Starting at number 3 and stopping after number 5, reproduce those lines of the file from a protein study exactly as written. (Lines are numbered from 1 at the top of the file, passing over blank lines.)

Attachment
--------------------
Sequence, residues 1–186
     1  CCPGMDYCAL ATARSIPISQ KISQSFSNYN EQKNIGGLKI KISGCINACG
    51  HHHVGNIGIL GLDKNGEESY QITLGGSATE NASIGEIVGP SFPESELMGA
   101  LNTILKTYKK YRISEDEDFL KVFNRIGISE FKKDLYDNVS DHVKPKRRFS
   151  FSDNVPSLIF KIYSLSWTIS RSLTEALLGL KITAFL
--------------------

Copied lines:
    51  HHHVGNIGIL GLDKNGEESY QITLGGSATE NASIGEIVGP SFPESELMGA
   101  LNTILKTYKK YRISEDEDFL KVFNRIGISE FKKDLYDNVS DHVKPKRRFS
   151  FSDNVPSLIF KIYSLSWTIS RSLTEALLGL KITAFL